xoNecole: I want to go back to when you published Confessions of a Video Vixen. We are now in this time where people are reevaluating how the media mistreated women in the spotlight in the 2000s, namely women like Britney Spears. So I’d be interested to hear how you feel about that period of your life and how you were treated by the media?

EO: What I said earlier. I think that much of society has evolved quite a bit. When you look back at that time, it was actually shocking how old-fashioned the thinking still was. How women were still treated and how they're still treated now. I mean, it hasn't changed completely. I think that especially for the audience, I think it was shocking for them to see a woman – a woman of color – not be sexually ashamed.

I hate being like other people. I don't want to do what anyone else is doing. I can't conform. I will not conform. I think in 2005 when Confessions was published, that attitude, especially about sex, was very upsetting. Number one, it was upsetting to the men, especially within urban and hip-hop culture, which is built on misogyny and thrives off of it to this day. And the women who protect these men, I think, you know, addressing a demographic that is rooted in trauma that is rooted in sexual shame, trauma, slavery of all kinds, including slavery of the mind – I think it triggered a lot of people to see a Black woman be free in this way.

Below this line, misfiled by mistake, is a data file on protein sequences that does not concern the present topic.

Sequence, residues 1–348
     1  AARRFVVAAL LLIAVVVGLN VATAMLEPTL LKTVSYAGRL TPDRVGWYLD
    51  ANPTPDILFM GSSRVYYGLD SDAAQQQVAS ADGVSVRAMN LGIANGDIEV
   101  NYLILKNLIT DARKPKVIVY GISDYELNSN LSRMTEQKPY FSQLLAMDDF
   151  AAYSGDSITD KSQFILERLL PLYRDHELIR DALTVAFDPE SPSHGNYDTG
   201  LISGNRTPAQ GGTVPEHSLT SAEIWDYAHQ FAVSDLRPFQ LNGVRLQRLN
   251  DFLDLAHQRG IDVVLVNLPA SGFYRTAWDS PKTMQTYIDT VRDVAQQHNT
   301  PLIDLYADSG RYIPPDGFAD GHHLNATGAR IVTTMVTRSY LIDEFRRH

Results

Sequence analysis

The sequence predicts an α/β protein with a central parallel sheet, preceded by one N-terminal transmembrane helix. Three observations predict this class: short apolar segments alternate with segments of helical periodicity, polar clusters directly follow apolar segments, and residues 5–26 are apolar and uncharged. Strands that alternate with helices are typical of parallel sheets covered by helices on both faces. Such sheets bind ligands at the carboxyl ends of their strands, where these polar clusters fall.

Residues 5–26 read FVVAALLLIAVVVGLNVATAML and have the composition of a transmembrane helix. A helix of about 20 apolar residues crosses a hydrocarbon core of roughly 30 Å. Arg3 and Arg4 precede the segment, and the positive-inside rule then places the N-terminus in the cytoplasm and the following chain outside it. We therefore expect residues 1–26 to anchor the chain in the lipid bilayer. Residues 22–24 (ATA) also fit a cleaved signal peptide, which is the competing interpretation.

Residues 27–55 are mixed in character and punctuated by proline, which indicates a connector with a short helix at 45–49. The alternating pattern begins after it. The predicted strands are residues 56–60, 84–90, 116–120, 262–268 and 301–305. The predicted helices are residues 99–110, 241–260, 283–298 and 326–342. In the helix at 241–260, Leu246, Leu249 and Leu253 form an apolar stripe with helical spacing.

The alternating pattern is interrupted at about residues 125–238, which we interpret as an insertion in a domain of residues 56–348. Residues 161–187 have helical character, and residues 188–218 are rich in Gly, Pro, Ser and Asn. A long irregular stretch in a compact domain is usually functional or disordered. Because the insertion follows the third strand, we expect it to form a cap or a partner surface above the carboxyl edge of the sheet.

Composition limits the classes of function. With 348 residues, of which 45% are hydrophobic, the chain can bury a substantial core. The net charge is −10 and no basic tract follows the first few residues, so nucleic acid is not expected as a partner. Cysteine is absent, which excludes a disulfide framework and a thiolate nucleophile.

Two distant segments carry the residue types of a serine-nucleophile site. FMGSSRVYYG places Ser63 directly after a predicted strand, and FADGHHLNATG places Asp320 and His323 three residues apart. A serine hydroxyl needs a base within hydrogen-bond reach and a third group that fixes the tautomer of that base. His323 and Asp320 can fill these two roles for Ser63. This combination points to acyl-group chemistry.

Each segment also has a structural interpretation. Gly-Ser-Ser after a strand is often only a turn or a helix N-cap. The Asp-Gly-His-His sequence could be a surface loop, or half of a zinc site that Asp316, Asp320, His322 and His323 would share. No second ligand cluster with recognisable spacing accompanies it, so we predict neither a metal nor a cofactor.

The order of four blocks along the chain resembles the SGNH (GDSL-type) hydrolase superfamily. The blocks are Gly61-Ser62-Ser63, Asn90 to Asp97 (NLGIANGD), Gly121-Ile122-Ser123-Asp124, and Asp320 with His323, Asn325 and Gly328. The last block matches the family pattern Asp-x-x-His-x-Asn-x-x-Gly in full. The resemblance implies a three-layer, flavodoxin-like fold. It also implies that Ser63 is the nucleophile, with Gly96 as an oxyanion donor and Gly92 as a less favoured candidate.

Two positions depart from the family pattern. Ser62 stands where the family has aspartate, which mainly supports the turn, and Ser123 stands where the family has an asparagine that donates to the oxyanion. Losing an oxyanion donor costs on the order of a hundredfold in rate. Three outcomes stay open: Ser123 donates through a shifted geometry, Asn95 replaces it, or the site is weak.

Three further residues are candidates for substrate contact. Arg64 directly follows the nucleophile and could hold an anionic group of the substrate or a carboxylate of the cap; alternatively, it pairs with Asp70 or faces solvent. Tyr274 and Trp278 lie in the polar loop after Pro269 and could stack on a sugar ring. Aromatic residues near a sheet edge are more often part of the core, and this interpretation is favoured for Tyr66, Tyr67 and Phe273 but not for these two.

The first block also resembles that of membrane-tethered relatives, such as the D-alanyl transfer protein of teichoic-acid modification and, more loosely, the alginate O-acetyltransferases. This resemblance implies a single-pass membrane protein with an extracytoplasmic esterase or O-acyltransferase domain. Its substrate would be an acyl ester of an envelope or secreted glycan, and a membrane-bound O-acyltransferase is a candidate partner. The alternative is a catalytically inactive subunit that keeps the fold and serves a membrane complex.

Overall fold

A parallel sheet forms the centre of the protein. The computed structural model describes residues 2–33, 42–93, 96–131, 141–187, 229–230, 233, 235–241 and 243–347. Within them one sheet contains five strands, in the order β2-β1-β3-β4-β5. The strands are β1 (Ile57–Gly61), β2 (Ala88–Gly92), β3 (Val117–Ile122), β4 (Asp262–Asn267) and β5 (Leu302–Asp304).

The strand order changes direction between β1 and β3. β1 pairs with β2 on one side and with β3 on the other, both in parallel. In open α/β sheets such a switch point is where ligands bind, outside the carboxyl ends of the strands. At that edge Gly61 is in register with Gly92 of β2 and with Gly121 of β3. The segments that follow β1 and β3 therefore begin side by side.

I think it said a lot about the people who were upset by it. And then there were some in “crossover media,” a lot of white folks were upset too, not gonna lie. But to see it from Black women – Tyra Banks was really upset [when she interviewed me about Confessions in 2005]. Oprah wasn't mad [when she interviewed me]. As long as Oprah wasn’t mad, I was good. I didn't care what anybody else had to say. Oprah was amazing. So, watching Black women defend men, and Black women who had a platform, defend the sexual blackmailing of men: “If you don't do this with me, you won't get this job”; “If you don't do this in my trailer, you're going to have to leave the set”– these are things that I dealt with.

I just happened to be the kind of woman who, because I was a single mother raising my child all by myself and never got any help at all – which I still don't. Like, I'm 24 in college – not a cheap college either – one of the best colleges in the country, and I'm still taking care of him all by myself as a 21-year-old, 20-year-old, young, single mother with no family and no support – I wasn’t about to say no to something that could help me feed my son for a month or two or three.